From Lorde to Ariana Grande, in the last few years a new wave of Millennial female artists have found their niche slice of the spotlight, and the women of the generation seem to be dominating the music scene. Thanks in part to the ever-fragmented Millennial audience, the kinds of female voices and personas making their way to mainstream fame are diversifying, allowing self-proclaimed feminist indies to play side-by-side with pop-country darlings, and tradition-busting young female MCs to cover classic oldies. Meanwhile, the routes to fame are more varied than ever. Talents are discovered on YouTube, Vine, and beyond, and though breaking through the noise is incredibly difficult, there are more and more avenues to get a voice out into the world. We covered some of the Millennial creative up-and-comers to know last month, and today we’re focusing in on the female voices of the generation that could soon break through. Here are four young female music acts to watch, some who could be on the brink of being discovered, and some who could soon make it big:
Erika M. Anderson, better known by her stage name EMA, seems to be teetering on the edge of more widespread fame—in fact, readers in the know may already have her on their radar. Her debut album Past Life of Martyred Saints earned her critical accolades in 2011, including being named as an “Artist to Watch” by Rolling Stone. Her new punk sci-fi record, The Future’s Void, will be released tomorrow and already has the music blogosphere buzzing. On this new venture, the South Dakota-born singer focuses on the trials and questions of living in a tech-centric world, covering topics like reputation on the internet and surveillance (concepts that Millennials can undoubtedly relate to) with sometimes haunting vocals. Though the idea of having a fan-base “weirds [her] out,” her growing reputation and boundary-pushing style is likely to keep getting her attention.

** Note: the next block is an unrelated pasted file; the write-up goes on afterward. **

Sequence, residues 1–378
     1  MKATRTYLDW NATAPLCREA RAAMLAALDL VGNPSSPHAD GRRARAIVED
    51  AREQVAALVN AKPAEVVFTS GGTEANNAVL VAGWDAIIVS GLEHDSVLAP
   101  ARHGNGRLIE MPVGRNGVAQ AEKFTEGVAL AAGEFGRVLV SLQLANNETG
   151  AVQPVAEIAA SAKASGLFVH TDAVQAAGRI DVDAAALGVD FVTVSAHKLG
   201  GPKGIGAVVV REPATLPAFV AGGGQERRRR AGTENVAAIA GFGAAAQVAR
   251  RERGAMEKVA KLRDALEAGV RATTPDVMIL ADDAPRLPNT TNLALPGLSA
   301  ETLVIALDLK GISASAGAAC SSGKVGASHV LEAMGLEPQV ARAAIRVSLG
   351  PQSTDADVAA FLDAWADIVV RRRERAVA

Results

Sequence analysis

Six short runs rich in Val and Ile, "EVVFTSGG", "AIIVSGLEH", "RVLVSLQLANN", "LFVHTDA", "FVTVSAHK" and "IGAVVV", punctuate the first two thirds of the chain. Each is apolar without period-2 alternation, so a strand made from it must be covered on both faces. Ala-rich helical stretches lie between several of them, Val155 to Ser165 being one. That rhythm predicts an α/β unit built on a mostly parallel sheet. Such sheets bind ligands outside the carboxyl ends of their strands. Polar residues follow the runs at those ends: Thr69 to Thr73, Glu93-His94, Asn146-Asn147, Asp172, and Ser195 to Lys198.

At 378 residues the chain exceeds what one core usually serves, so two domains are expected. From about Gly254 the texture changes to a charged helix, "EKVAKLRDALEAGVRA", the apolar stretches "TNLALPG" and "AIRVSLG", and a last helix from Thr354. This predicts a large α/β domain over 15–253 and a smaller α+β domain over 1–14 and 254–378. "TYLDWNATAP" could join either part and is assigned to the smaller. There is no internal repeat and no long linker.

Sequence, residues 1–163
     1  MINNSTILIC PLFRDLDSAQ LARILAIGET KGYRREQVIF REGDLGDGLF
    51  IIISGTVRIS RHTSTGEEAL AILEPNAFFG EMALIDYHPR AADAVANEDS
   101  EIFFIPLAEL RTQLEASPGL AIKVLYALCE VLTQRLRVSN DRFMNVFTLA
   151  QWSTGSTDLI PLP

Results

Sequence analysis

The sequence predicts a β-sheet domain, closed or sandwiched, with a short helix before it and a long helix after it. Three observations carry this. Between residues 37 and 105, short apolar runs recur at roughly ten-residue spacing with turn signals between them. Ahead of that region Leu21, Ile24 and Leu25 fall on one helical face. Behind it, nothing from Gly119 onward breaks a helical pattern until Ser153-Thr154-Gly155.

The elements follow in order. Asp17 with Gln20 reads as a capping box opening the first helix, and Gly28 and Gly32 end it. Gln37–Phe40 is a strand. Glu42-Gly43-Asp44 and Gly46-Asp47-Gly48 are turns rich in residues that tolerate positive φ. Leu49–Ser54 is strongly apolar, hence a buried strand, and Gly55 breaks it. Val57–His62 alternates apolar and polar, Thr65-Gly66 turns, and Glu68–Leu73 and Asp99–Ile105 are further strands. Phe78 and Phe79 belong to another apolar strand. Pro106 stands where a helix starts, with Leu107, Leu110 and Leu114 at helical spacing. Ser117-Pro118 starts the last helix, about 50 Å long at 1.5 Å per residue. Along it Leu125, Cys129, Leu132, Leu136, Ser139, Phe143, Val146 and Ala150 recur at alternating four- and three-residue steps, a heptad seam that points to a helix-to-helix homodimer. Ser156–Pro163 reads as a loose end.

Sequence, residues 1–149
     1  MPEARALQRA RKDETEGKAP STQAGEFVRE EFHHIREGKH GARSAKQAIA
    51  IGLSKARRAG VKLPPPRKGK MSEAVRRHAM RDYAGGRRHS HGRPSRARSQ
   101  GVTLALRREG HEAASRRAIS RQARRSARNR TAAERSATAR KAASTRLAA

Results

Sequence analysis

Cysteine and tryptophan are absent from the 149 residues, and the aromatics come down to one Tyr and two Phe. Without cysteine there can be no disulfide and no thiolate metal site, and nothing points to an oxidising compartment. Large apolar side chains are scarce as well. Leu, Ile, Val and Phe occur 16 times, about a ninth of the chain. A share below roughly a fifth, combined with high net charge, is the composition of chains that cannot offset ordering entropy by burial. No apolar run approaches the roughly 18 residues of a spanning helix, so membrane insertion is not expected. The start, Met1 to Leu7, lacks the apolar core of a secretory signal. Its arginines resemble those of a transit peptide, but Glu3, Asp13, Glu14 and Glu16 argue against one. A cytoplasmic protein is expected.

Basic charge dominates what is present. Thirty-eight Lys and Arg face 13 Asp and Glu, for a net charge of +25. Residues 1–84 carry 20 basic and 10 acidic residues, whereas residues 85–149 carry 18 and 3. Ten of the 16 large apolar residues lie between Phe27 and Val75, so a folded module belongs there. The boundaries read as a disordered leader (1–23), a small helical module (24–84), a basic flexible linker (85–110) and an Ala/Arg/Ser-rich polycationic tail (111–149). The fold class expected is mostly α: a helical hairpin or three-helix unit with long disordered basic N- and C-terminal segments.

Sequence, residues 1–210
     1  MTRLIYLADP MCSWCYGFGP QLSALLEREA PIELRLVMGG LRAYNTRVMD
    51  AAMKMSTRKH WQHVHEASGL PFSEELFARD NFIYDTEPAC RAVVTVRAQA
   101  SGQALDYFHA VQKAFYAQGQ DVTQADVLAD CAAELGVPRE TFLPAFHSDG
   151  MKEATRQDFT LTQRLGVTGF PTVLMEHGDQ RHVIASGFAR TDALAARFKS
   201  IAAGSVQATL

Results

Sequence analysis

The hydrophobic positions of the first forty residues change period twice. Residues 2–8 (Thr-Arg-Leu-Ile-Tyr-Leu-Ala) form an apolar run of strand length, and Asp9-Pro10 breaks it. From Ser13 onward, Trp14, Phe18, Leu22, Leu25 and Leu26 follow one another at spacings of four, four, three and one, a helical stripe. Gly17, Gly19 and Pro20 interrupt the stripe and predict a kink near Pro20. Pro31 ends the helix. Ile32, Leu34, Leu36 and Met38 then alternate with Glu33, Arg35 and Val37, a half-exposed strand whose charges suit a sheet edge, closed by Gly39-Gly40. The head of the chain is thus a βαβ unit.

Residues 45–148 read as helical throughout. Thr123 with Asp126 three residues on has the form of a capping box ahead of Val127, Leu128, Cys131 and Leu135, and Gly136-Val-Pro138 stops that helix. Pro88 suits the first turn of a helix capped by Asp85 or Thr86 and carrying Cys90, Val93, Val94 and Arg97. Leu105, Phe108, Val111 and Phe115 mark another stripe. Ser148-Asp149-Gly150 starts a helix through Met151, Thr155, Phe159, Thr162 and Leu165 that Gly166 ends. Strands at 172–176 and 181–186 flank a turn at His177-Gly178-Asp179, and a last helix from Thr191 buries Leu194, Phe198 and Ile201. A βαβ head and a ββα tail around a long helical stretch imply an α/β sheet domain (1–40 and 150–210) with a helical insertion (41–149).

Her recently released album Somewhere Else may be her third, but it is taking this 23-year-old singer/songwriter from an alt-country ingénue to a “new artist you need to know” and a genre-busting pop rock voice. Loveless’ songs are unrelentingly honest, and her lyrics both creative and confessional. Her performance at this year’s SXSW earned her some attention, but her recent cover of Kesha’s “Blind” is spreading her sound across the internet.
Lexi Walker hasn’t released a solo album, and in fact her main claim to fame is a cover of Frozen’s “Let It Go”—a cover that thanks to Walker’s voice has been viewed more than 31 million times in two months. The little girl with a big voice first made headlines singing the national anthem for Real Salt Lake in 2013, and is a member of the One Voice Children’s Choir—but playing the role of Elsa in Alex Boyé’s “Africanized” take on the Oscar-winning track has catapulted 11-year-old Walker into the spotlight. In the month since the video went viral, Lexi has made the talk show rounds and appeared on local news to talk about the experience. There is little doubt that she will have future fame as a singer.
Kyla La Grange
This British singer/songwriter is releasing her second album in June, and buzz is already building around her sound thanks to some strategically released singles like “Cut Your Teeth” and “The Knife.” La Grange’s restrained pop-vocals could make more waves with this album than her 2011 release Ashes thanks to the new album’s sharp, upbeat, modern vibe—and the increasing success of U.K. artists in the U.S.